• The beautiful San Juan Islands
  • Stormwater emptying into harborPhoto - Brian Rader, Pollution Prevention Specialist
  • Canoe JourneyPhoto - Swinomish Tribal Archive
  • Historical Lime Kiln
  • Pacific herring (Clupea pallasii)Copyright Creative Commons
  • Orca with tankerPhoto - Chris Teren
The beautiful San Juan Islands1 Stormwater emptying into harbor2 Canoe Journey3 Historical Lime Kiln4 Pacific herring (Clupea pallasii)5 Orca with tanker6

Shoreline Development

Puget Sound’s 2,500 miles of shoreline are among the most valuable and fragile of natural resources. A dynamic area where land and marine ecosystems meet, the shoreline is constantly changing with the action of wind, waves, tides, and erosion.

The islands of San Juan County have 408 miles of marine shoreline – and are located at the nexus of the sounds and straits of the Salish Sea connecting with the Pacific.

Photo by Coastal Geologic Services

People often build bulkheads or other structures to harden the shoreline against the shaping forces of wind, waves, tides, and natural erosion.  And 50% of recent shoreline structures in San Juan County have been built without County or State permit.

Shoreline armoring, the practice of constructing bulkheads, seawalls and rock revetments, actually prevents the natural process of erosion from supplying sand and gravel that forms and maintains our beaches.  Further, these structures change the pattern of waves and move the elements of a natural beach or shore completely away from the property, leaving an area barren of habitat or recreational value.

Preventing damage is far more effective and less expensive than restoring beaches after all the trees and vegetation have been removed, the sand or pebbles have washed away, leaving a shore where no animals or  fish can live.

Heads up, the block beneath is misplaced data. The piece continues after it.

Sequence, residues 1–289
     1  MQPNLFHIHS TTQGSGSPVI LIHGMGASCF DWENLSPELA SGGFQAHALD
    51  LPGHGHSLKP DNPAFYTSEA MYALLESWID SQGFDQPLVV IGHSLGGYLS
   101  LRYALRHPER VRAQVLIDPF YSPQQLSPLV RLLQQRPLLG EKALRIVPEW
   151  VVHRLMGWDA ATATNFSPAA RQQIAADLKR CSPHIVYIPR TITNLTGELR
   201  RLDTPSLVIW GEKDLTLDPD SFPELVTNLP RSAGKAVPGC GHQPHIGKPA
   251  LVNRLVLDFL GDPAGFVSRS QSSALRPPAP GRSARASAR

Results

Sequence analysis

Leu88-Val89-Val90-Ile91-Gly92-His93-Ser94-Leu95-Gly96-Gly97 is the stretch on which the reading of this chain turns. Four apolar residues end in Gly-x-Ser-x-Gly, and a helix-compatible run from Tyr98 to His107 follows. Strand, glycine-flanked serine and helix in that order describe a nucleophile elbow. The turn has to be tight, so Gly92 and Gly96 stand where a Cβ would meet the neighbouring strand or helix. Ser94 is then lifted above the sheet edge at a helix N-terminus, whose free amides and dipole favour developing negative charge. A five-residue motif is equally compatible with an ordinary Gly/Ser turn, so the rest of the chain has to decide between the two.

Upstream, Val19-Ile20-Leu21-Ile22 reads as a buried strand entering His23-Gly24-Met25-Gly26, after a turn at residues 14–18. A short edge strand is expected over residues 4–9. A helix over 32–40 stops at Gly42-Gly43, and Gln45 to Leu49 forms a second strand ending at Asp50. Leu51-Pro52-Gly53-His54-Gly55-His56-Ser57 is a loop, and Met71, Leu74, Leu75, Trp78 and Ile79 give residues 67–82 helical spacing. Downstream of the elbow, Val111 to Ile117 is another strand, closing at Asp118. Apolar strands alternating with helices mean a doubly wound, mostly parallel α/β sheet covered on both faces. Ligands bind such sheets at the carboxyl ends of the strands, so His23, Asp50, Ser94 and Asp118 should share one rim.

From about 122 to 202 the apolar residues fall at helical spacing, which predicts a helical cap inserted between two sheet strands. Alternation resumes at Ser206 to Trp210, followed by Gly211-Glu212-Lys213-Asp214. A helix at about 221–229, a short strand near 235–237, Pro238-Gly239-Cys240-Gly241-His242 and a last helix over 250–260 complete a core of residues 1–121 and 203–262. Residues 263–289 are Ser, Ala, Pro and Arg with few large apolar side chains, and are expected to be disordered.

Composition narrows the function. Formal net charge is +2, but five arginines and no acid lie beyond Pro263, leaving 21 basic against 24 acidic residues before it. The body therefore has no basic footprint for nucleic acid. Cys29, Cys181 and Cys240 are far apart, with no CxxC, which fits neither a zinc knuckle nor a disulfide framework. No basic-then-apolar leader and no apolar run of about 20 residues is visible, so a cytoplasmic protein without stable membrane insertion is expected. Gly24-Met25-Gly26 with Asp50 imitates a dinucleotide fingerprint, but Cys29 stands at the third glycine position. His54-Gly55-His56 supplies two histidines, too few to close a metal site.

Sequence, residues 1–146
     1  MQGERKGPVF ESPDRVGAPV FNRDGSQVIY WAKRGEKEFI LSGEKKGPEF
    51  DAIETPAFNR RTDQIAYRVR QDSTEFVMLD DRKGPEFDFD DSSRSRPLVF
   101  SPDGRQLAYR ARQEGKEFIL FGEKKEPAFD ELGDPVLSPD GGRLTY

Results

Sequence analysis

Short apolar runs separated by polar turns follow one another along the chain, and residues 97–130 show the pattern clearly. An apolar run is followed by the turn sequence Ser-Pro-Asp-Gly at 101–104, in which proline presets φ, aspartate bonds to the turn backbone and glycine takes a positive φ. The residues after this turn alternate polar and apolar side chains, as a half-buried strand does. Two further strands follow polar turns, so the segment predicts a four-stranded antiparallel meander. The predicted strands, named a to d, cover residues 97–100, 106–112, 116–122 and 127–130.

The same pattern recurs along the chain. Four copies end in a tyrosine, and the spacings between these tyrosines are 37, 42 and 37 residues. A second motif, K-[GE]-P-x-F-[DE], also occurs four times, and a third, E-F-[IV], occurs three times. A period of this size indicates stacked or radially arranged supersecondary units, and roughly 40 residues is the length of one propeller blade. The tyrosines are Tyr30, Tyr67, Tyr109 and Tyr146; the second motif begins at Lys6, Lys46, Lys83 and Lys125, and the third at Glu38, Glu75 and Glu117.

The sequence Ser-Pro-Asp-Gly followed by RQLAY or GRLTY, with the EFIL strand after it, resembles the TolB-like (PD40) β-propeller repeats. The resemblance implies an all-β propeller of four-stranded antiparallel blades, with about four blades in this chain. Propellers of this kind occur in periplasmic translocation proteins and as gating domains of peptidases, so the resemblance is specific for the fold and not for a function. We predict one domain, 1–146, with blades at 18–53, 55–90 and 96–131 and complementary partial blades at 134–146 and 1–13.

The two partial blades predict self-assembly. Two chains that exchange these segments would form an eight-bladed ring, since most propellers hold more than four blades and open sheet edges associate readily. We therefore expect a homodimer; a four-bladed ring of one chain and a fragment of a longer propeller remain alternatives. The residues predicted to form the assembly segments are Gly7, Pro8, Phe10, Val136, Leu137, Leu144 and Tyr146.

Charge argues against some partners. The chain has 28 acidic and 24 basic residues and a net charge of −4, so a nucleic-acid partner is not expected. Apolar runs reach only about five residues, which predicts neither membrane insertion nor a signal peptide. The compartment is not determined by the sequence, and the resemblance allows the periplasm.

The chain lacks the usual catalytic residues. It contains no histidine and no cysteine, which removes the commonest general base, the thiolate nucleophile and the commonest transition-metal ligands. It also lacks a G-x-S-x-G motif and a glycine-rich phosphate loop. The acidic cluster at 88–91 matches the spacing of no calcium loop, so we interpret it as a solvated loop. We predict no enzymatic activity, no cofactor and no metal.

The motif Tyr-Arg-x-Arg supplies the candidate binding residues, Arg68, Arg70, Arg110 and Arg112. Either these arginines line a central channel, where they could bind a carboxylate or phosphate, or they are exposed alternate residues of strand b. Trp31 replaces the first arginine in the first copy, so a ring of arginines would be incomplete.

Natural erosion, when sediment and feeder bluffs are allowed to reach the water, creates essential habitat for herring, surf smelt, salmon, and many other species.

Beach restoration photo by Coastal Geologic Services

Beach restoration and photo by Coastal Geologic Services

Strategies

The SJ-LIO has developed strategies to restore and maintain islands’ shorelines in their natural and dynamic state:

  • Provide information and work with landowners regarding the importance of retaining and restoring native vegetation and about geologic processes.
  • Improve on compliance and enforcement capacity.
  • Identify and implement shoreline protection tools including land preservation via acquisition and conservation easements, restoration, and protection of marine areas consistent with treaty rights.
  • Restore native vegetation, trees, and ground cover.
  • Provide convenient landowner access to technical assistance for maintaining views, shoreline access, and ecological function of the shoreline.
MEETINGS

Implementation Committee Meetings:

Wednesday August 3, 2016

Friday Harbor

Time and location to be confirmed


Wednesday September 7, 2016

Friday Harbor

Time and location to be confirmed